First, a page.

When Henrietta Lacks was dying of cancer in 1951, her cells were harvested without her knowledge. They became crucial to scientific research and her story became a bestseller. Since then, Lacks has become one of the most powerful symbols for informed consent in the history of science. On Monday, when the National Portrait Gallery in Washington, D.C., honored Henrietta Lacks by installing a painting of her just inside one of its main entrances, three of Lacks' grandchildren were there. "This is amazing!" marveled Kimberly Lacks. "Soon as you walk through the doors, there she is! Kimberly Lacks, Jeri Lacks Whyte and Alfred Carter Lacks saw this portrait for the first time at its unveiling. They never knew their grandmother, as she died before they were...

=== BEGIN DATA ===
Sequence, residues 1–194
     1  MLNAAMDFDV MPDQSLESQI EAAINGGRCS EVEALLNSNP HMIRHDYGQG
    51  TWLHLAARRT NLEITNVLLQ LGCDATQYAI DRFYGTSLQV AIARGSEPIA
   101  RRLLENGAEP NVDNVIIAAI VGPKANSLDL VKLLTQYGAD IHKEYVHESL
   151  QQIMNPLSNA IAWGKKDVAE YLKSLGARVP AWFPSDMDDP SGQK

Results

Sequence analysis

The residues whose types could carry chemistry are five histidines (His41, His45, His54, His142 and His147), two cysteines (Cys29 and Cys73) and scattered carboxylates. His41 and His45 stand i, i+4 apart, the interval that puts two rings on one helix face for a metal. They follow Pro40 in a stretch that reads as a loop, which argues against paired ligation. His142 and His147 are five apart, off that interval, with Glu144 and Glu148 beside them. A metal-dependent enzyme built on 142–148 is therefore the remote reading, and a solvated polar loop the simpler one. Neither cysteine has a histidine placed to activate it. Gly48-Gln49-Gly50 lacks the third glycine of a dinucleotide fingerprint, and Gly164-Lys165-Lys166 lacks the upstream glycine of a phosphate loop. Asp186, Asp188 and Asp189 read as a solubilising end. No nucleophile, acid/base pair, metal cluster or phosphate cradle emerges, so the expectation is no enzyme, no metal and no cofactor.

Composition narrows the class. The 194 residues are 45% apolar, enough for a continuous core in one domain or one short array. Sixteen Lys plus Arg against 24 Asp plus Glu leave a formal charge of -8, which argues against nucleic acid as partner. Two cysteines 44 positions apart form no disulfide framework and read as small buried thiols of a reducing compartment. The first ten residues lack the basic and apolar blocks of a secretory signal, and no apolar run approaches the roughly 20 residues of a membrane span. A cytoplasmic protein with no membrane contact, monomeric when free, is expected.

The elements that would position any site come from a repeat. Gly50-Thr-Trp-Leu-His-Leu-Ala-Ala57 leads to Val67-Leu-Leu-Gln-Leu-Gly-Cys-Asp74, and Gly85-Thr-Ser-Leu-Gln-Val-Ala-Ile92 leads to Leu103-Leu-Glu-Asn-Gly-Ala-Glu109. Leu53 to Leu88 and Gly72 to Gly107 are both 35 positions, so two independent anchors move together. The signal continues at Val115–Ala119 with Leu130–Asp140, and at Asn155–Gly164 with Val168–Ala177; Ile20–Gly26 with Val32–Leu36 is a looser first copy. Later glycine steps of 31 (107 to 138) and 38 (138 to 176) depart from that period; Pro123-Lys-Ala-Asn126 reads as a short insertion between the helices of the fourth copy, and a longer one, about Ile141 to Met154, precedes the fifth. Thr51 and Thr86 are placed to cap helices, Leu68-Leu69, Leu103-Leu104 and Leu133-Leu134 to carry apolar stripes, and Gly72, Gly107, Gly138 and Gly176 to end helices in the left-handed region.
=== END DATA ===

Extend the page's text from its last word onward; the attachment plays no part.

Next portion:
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Henrietta Lacks' Lasting Impact Detailed In New Portrait